I slept outside on my second night on Tiritiri Matangi Island. I took the mattress from my bunk into the courtyard of the bunkhouse before it got dark. A volunteer had told me that kiwi will sometimes wander through the courtyard at night. It also let me avoid the awkwardness of trying not to disturb my roommates as I crawled into my bunk in the dark after my walk. See the previous 2 posts on days 1 and 2 on the island.
Because the ranger hauls baggage from the wharf to bunkhouse and back, I’ll pack a bit more next time I visit Tiritiri. A good inflatable mattress wouldn’t be a bad thing to bring to the bunkhouse. Even a Therm-a-Rest type camping mattress might be a good supplement to the mattresses provided.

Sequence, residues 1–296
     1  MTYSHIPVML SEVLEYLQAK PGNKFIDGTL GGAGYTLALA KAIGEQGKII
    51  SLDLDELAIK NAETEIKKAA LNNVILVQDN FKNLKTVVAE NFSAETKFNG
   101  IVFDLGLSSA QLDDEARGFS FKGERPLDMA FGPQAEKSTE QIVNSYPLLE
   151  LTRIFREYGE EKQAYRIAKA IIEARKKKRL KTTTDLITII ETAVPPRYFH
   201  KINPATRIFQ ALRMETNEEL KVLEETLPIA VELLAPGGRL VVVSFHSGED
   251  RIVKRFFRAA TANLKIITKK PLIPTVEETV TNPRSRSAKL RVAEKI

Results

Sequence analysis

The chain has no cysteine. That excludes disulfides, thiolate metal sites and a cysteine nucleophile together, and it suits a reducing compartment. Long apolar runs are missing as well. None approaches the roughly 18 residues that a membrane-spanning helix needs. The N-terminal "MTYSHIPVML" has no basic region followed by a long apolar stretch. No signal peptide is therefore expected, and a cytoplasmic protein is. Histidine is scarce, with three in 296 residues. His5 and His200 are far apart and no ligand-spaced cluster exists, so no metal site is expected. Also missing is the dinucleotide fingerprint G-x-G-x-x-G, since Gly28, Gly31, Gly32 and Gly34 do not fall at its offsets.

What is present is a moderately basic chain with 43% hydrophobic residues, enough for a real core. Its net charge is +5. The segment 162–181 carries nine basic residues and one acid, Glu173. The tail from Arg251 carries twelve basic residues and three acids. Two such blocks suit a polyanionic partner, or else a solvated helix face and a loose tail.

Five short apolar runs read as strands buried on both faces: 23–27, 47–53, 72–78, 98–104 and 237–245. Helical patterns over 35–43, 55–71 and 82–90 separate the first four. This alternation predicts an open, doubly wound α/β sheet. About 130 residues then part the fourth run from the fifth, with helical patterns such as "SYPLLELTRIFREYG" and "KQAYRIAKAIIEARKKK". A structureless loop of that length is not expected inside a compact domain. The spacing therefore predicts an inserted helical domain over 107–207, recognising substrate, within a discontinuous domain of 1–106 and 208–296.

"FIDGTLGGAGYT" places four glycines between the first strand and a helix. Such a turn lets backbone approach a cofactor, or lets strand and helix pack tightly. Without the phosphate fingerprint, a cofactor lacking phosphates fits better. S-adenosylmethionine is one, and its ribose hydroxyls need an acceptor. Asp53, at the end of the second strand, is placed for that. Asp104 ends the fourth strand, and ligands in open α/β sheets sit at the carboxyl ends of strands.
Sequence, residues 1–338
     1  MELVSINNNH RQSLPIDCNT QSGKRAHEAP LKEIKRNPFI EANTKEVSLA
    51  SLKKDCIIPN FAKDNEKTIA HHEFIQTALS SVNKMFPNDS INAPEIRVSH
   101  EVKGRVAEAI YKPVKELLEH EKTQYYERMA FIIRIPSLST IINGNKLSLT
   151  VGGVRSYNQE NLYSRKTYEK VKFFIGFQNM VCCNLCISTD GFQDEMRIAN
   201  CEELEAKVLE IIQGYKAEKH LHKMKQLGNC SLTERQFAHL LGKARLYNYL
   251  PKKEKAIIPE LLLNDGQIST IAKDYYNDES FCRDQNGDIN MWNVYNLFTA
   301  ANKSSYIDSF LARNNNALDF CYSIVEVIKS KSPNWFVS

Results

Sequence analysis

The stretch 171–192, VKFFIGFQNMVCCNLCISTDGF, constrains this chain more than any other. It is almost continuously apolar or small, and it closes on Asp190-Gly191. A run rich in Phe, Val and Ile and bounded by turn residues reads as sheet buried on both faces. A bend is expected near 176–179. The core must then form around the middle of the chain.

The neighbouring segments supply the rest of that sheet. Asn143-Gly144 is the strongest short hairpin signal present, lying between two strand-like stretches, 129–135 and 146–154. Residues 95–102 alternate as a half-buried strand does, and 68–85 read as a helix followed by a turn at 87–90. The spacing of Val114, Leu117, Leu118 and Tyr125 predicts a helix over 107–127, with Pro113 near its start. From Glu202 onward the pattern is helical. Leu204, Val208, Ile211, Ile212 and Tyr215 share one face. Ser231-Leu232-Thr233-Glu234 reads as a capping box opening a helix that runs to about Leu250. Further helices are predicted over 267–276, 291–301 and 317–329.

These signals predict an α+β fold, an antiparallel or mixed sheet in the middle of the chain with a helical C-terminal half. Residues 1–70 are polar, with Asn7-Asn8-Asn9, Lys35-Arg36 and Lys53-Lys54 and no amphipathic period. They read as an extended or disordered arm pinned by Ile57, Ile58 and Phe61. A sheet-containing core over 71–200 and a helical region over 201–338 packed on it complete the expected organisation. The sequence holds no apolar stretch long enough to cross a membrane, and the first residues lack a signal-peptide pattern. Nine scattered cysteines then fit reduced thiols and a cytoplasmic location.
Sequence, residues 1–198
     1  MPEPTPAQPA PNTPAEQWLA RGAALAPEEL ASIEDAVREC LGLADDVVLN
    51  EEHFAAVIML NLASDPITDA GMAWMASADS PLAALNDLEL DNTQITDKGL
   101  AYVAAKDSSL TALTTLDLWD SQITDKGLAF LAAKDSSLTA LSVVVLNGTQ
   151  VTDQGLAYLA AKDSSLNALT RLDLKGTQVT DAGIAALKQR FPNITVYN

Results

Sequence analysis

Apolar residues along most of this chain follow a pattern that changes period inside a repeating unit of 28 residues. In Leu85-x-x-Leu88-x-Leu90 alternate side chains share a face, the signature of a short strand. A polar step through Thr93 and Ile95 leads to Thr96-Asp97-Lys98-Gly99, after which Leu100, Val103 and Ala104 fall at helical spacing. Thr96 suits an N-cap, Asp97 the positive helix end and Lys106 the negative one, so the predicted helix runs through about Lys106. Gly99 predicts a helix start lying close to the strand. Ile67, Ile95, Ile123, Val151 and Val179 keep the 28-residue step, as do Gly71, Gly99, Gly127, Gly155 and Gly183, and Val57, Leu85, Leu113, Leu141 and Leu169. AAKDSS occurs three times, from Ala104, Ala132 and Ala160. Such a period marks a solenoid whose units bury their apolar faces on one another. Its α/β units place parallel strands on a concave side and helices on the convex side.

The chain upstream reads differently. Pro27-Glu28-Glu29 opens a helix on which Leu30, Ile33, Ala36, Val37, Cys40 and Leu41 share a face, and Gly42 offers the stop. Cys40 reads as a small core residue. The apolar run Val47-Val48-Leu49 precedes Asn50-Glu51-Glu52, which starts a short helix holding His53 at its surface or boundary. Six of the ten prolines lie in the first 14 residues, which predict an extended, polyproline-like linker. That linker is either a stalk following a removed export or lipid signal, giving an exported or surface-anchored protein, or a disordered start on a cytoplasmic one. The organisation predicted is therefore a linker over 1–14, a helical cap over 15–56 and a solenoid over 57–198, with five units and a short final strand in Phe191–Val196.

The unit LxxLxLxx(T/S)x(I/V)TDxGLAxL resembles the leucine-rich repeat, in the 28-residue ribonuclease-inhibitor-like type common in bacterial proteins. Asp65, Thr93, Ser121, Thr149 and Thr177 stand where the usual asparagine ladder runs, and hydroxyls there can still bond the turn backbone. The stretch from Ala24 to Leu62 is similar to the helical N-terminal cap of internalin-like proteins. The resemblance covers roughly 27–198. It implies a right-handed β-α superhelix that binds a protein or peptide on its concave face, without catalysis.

A Second Dawn on Tiritiri Matangi Island
I listened to the dawn chorus from the courtyard, then got some more rest, and maybe even a little more sleep.
Later in the morning I enlisted the help of some bunkhouse guests to fish the messages out of the bottle I had found the night before on the beach near Tiritiri Wharf.
It turned out the bottle had been launched just 3 days earlier from Brown’s Bay. The messages were extremely silly. The senders had burned the edges of some of the pages to make them look old, and listed the date as 1790. My favorite part is “This is a very old letter”.
I texted Bella, and she seemed surprised and amused that someone had found the bottle. She liked the idea of me sending it on, so I added my own brief message, with the URL of this blog, refilled the bottle with messages, and put it back in my jacket pocket for return to the harbor.